Difference between revisions of "Roku and Linkstation - setup and customization tips"
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=Customizing the Roku=
=Customizing the Roku=
Revision as of 17:21, 31 December 2006
The term Roku can refer to any device produced by Roku Labs. These devices seem to play well with Firefly-equipped Linkstations and other hacked NAS's. Below are some tips and tricks that may provide a more positive experience for Roku & Linkstation users.
- Any Roku soundbridge device (M500, M1000, M1001, M2000)
- Any Linkstation w/ OpenLink or FreeLink installed on it
- A wired or wireless (b or g standard) network - some Roku devices are WEP & WPA compatible
- regular computer w/ web browser & terminal/command line interface program
On the share/data partition (hda3 usually) of your Linkstation, it is a good idea to set up some sort of directory structure for organizing your music files. Here is one possible example:
/share/freelinktunes/e_Music /share/freelinktunes/i_Tunes /share/freelinktunes/hpodderdownloads /share/freelinktunes/mediarippertunes /share/freelinktunes/lossless /share/freelinktunes/internet_streams
Managing these files is easy if you have flexible access to them with Samba or NFS, so one can modify ownership and permissions to these directory with chown and/or chmod.
Making Firefly's web interface configuration page "configurable"
If you notice that your Configuration page on the web interface (available by web browser at <linkstation-ip>:3689/config.html) won't allow you to make changes, then you may need to adjust permissions on the configuration file. The very first entry on the Configuration page lists the location of this file, usually at /etc/mt-daapd.conf . To make the web configuration work, cd to the directory where this configuration file is and modify the permissions of the file:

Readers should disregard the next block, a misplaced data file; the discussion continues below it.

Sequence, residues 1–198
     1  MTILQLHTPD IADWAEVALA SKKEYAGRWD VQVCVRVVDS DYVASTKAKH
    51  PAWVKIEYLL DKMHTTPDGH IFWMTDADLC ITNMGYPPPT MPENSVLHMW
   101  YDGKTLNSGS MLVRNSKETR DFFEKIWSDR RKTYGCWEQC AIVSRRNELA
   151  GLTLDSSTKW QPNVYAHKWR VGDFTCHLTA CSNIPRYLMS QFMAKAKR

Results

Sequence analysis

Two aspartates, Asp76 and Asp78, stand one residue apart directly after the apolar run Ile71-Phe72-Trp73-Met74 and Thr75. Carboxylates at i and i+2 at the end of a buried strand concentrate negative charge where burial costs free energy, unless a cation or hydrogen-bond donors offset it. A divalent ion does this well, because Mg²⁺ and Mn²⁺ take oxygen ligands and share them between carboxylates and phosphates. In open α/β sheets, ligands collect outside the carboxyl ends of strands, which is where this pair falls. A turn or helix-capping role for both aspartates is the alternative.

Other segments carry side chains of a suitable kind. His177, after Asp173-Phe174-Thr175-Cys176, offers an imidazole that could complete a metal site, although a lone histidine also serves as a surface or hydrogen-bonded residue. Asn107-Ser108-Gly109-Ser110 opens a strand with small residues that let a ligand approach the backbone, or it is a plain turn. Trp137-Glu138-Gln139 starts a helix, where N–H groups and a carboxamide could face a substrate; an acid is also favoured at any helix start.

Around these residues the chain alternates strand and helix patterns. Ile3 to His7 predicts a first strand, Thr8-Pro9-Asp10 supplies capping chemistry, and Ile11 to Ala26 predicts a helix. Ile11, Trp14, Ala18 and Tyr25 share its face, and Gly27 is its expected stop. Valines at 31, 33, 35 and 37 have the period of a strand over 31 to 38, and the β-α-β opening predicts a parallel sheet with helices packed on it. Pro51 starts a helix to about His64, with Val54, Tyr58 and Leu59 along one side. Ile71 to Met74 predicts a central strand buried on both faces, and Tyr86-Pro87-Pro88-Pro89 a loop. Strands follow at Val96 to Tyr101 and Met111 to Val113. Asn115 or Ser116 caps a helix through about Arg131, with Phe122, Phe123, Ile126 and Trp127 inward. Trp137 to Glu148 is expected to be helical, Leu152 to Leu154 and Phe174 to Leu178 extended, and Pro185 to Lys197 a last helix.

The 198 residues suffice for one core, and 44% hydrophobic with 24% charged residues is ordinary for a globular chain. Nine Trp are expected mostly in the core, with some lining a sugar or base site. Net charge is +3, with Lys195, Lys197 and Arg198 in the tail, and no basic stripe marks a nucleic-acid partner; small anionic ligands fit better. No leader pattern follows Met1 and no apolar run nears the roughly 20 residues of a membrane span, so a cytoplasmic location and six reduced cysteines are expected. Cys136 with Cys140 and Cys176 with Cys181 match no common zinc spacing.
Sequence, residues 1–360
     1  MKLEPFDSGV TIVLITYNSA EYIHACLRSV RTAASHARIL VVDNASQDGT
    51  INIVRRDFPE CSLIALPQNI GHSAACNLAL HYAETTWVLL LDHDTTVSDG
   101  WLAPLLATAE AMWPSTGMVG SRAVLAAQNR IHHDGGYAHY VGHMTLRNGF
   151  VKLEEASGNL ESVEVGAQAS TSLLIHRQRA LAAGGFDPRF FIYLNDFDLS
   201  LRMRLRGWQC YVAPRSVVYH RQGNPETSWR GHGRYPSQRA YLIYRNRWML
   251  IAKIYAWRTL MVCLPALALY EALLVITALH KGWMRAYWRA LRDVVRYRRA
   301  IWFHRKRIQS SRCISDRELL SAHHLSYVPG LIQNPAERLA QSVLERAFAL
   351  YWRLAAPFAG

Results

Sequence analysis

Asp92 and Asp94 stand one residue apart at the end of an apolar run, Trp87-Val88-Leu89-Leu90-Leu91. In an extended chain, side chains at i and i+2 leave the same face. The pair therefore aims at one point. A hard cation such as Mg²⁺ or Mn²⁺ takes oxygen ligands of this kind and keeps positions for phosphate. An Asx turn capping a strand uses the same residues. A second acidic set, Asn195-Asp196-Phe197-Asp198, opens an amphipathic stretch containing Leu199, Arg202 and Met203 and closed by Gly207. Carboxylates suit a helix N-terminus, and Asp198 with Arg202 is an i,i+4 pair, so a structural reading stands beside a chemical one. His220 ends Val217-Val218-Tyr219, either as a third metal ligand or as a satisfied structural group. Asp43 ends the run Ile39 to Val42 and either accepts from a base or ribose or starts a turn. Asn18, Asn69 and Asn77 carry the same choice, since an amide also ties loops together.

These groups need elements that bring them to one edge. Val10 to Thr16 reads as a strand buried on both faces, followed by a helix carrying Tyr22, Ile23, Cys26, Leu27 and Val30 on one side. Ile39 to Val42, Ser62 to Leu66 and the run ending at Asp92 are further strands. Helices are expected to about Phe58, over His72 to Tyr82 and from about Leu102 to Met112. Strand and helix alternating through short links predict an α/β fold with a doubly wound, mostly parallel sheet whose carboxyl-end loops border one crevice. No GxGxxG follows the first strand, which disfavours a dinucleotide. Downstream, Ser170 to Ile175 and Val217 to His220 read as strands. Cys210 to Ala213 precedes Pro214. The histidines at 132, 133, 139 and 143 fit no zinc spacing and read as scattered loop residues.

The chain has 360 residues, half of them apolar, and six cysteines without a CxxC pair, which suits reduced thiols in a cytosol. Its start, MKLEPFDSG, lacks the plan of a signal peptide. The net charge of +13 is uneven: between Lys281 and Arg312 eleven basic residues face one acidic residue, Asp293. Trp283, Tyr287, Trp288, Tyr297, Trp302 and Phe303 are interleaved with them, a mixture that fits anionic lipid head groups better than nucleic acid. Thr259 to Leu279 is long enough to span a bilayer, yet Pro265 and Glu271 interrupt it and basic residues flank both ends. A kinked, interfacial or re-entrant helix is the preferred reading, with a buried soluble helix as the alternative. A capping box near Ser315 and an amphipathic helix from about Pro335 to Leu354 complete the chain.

cd /etc chown nobody mt-daapd.conf chmod 600 mt-daapd.conf
Reload the web Configuration page and it should work now. This is a method suggested by an expert at Firefly Forums. If you have concerns about security, you may want to read this thread for details on keeping it secure.
Automatically refresh the database
Also on the Configuration page, there is an option for periodic updating of the database. To make your Firefly server update every hour, go to the Database area on the Configuration page, choose Scan Type 0 - Normal, enter Rescan Interval 3600 (seconds, ie. 1 hour), and choose Always Scan Yes.
Restart Firefly from the command line
You will have to restart your mt-daapd server from the command line for any of these configuration changes to take effect.
It takes a minute or so for it to come on line after a (re)start.
Hpodder is a podcatcher that is available as a Debian package, so it is a natural choice for those running Freelink. At the time this article was written, it is available in testing and instable, so remember to (temporarily) adjust your /etc/apt/sources.list as needed - that is, you must have either the testing or unstable branch of Debian enabled.
Once you install hpodder, check its man page. It gives details on configuring it and the first run of hpodder.
You will have to declare a download directory for hpodder (like /share/freelinktunes/hpodderdownloads) , as listed above in Directory setup.
One nice implementation would be to run hpodder as a daily or periodic cron job.
Customizing the Roku
CAUTION: Customizing your Roku, like any device, could void its warranty or turn it into a Brick, or in the case of a M500/M1000/M1001/M2000, a Baton. Proceed at your own risk.
Several accounts of hacking Roku devices can be found on the web: